Thursday, April 21, 2016

Flexibility is the name of the game

It was a pretty impressive performance from two blokes who thought they were going skiing but ended up suspended from a limestone cliff in the south of France. On the penultimate pitch [which I will concede was airy] Bill mused "At the end of this pitch I can decide if I ever want to climb again!"

Bill Mills and Greg Knott arrived in Chamonix and while the forecast for the next day was okay the weather forecast for the following days was not. It was utter and total crap. We skied the classic Crochue-Berard ski tour on our first day and then during the afternoon downpour we convened a "Council of War" discussion on what we might do with the rest of our time together.
I suggested that we should bin the skiing and jump in the car and head to Provence for some rock climbing. There was no hesitation from Bill and Greg " Lets do it." They said.

The next day we zoomed down to Grenoble and then joined the N75 and were soon enjoying climbing on warm sunny rock in Orpierre.

During the next 2 days we progressed to some of the big spectacular multi pitch climbs and the equally big rappells: descents

Wednesday, April 20, 2016

Mixed Weather makes for Challanges

My regular skiing companion John Young arrived in Chamonix with an indifferent weather forecast and yet again we needed to be creative in making the most of our 5 days together.

The issue was that it is very difficult to go skiing or even ski touring if your enveloped in fog . The solution normally is to ski where there are trees which give perspective. But the snow at tree level was like mush or non existent - at least to start with.

On Saturday 16th, having looked very closely at the weather forecast we headed over to Switzerland and headed up Mont de L'Arpille high above Martigny [ although not that high at 2040meters.]
The choice was good, we escaped the bad weather and got to ski in a unique setting :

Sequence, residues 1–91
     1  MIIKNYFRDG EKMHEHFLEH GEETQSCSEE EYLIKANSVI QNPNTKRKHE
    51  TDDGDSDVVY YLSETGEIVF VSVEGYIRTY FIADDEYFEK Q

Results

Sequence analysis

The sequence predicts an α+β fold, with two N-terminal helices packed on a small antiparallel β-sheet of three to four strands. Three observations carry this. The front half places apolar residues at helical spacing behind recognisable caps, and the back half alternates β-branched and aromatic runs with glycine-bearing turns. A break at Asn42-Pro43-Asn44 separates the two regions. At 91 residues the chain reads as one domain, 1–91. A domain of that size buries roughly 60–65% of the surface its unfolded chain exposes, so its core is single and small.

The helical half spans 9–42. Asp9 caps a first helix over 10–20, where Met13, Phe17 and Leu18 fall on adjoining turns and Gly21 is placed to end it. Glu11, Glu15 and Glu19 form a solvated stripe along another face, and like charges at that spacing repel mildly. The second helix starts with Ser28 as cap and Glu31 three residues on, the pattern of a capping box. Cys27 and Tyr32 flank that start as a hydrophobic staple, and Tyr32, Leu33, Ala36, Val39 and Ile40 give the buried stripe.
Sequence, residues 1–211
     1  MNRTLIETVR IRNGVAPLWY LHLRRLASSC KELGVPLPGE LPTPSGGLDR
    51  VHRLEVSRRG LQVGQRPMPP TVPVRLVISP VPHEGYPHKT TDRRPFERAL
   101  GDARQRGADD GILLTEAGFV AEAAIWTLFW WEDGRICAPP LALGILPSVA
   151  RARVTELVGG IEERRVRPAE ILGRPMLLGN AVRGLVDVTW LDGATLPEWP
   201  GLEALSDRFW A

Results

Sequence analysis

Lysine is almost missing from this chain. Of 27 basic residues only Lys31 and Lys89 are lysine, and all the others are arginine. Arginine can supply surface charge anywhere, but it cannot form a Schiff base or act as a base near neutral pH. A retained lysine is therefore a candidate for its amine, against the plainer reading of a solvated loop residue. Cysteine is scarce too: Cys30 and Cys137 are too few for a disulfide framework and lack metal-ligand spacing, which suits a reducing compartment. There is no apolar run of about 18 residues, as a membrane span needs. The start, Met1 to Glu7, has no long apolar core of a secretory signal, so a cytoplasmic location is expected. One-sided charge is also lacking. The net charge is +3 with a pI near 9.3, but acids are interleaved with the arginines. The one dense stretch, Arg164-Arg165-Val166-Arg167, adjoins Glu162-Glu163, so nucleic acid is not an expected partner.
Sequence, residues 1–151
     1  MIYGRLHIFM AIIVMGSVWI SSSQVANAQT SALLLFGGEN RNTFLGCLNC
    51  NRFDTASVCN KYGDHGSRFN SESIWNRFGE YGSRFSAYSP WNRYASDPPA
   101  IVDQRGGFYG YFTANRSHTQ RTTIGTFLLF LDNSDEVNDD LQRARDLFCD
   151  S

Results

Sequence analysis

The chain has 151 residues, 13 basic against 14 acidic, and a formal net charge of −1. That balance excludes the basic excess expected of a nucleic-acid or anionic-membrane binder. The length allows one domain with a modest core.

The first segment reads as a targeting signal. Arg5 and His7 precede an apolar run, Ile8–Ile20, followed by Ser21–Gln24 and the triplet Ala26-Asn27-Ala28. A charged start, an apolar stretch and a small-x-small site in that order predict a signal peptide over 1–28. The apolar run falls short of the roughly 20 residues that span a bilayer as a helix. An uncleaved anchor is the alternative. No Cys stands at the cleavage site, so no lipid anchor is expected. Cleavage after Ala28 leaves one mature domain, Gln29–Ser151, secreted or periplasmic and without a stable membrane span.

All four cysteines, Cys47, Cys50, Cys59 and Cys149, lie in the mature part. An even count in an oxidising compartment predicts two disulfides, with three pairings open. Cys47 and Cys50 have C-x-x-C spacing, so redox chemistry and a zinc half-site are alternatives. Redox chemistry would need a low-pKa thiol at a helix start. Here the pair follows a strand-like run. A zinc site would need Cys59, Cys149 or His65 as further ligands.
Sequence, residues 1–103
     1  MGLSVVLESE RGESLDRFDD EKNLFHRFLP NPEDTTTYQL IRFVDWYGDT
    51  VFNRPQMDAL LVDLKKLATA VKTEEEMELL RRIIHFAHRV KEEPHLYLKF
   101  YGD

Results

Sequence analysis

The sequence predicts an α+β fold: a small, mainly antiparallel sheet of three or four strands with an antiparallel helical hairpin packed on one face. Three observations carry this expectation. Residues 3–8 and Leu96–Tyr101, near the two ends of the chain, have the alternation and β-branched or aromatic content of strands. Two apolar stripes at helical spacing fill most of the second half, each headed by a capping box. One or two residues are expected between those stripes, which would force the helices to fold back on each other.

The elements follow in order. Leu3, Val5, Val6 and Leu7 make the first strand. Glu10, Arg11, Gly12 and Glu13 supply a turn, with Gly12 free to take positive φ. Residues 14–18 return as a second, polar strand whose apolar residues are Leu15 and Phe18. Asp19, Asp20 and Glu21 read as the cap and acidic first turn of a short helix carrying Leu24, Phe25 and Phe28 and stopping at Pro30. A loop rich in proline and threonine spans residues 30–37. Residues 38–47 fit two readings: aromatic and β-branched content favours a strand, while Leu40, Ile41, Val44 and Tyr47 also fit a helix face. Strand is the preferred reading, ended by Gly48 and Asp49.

The next two days it snowed which was an improvement on rain. We skied off-piste at Les Grands Montets, always a good default. Even the tree skiing was good and there was seemingly only John and I skiing the trees.

The the next day was "Grand Beau." Plus we had good snow. We headed for the Aguille du Midi, suffered the ineptitude of Compagnie du Mont Blanc with their in ability to open on time. BUT when we did finally get up and get going we were treated to some of the best conditions I have ever experienced in the Vallee Blanche. We skied down to below the Pyramid to Tacul and then skinned up the Italian side before finding the Comb de La Vierge in immaculate condition.

Then skiers right of the Requin Ice fall was the best I had known in 30 years of skiing in the Vallee Blanche

On our final day we had to be away quickly because the weather was perfect but it was hot. We traversed around from the Index chair lift above Flegere to Lac Blanc we then continued around and then up to the col d'Encrenaz

We then were rewarded a with a great ski down to Le Buet - thus finshing the week on a real high.

Wednesday, April 13, 2016

Chamonix -Zermatt High Level Route 2016 completed.

The Hewitt brothers; Tim and Ben arrived from Perth Australia to attempt the Chamonix Zermatt Haute Route. Evidently they had done their research well. They had made their booking with me roughly a year ago. They had decided they did not want to be part of a Haute Route package where they got "processed" along the route. They had chosen the optimum time [just after Easter] and additionally they had built in a few extra days in to their schedule with me.

All was set up well apart from the weather. The weather was a bag of crap. Foehn had been blowing for days and stripping the snow from the slopes. Further because it was so warm , the snow wasn't freezing at night the net result meant it was dangerous , especially at lower altitudes where there was a real danger of full depth avalanches.